Companies can avoid regulatory and other fallout due to poor data integrity practices by comprehensively implementing a seven-program-element approach within their overall quality systems (see box above).

Filling the data integrity gaps

To fully understand the concept of data integrity, medical product manufacturers need a clear picture of what comprises data from the FDA and other regulators perspective. Examples of data include charts that record information, paper and electronic lab notebooks, product release and approval information, batch release documentation, certificates of analysis, raw data, instrument printouts and computer-based data, among others.

Companies can face numerous obstacles to having reliable data and information to present for inspections. Many challenges come down to unintentional errors or negligent conduct due to:

  • Lack of awareness;
  • Lack of defined expectations from management;
  • Lack of procedural or positive controls;
  • Lack of adequate supervision and oversight;
  • Failure to prioritize importance of data integrity;
  • Tolerance for sloppy or unprofessional work;
  • Lack of periodic “checks” on performance;
  • Lack of technology controls;
  • Pressure on personnel to achieve outcomes; and
  • A “whatever it takes” culture.

And in some instances, data integrity gaps may be due to purposeful, deliberate conduct aimed at gaining monetary, professional or personal gain. This can occur when the risk from non-compliance is greater than that from wrongful conduct. If management creates a culture that presents data manipulation as a victimless crime, or directs staff to fudge numbers to meet customer service requirements or for financial gain, employees may fail to ensure the integrity of data presented in FDA-facing records that are reviewed during inspections.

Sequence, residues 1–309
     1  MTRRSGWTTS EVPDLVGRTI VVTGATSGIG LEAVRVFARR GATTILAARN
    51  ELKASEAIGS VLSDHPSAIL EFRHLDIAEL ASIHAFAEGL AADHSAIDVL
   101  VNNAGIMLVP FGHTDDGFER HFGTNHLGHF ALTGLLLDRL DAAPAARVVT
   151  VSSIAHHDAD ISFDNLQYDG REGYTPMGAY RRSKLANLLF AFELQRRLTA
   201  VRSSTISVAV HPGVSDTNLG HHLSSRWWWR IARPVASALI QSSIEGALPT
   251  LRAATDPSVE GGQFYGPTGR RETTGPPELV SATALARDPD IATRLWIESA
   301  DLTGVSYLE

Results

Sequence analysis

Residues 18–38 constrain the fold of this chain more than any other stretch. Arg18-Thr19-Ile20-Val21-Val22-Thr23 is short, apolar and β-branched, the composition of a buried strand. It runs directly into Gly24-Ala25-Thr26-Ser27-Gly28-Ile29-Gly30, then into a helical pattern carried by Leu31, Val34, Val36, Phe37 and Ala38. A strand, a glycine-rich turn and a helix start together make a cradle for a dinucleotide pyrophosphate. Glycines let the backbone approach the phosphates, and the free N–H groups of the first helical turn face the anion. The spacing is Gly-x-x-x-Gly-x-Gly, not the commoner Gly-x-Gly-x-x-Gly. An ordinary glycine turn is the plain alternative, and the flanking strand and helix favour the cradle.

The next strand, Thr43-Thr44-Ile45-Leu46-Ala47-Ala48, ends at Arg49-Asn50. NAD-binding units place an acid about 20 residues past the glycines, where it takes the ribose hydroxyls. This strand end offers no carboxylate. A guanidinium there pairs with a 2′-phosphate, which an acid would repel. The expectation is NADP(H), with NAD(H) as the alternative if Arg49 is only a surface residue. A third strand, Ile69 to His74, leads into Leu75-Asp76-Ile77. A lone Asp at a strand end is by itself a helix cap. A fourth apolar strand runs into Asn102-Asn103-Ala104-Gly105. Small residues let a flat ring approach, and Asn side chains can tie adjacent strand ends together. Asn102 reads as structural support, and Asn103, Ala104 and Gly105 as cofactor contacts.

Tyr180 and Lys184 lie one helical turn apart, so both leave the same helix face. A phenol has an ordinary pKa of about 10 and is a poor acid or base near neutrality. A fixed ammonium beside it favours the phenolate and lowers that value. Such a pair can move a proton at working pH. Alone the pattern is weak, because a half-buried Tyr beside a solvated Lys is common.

But the FDA and other regulators don’t care whether data integrity gaps are due to deliberate or unintentional acts. As far as FDA is concerned, if it cannot rely on the data, then it cannot be assured that manufacturing operations are compliant. And the ramifications for noncompliance can be serious—both in enforcement and customer perception terms—for pharma and medical device manufacturers.

As with other cGMP and QSR requirements, the FDA expects medical product manufacturers to apply a risk-based approach to data integrity. The overall data integrity compliance risk profile is the sum of all data integrity gaps, which can be grouped into three categories: known and documented gaps, known and undocumented gaps, and unknown, undocumented gaps.

Pharma and medical device manufacturers are responsible for identifying, documenting and addressing all gaps. Thus, the first step toward ensuring data integrity across all quality-related systems and activities is a comprehensive assessment of all potential gaps, so that all areas of concern are identified (known) and documented.

Using the comprehensive seven-program-element approach (listed in the box above), companies can be confident that this structural approach will maximize the prospect of ensuring data integrity throughout all operations. Figure 2, below, illustrates how several of the seven program elements, which Compliance Architects® will explore in greater depth in future articles, can work together to create a comprehensive data integrity program that produces data in which the FDA and other regulators will have faith.

Figure 2: How It Fits Together – A Structural Approach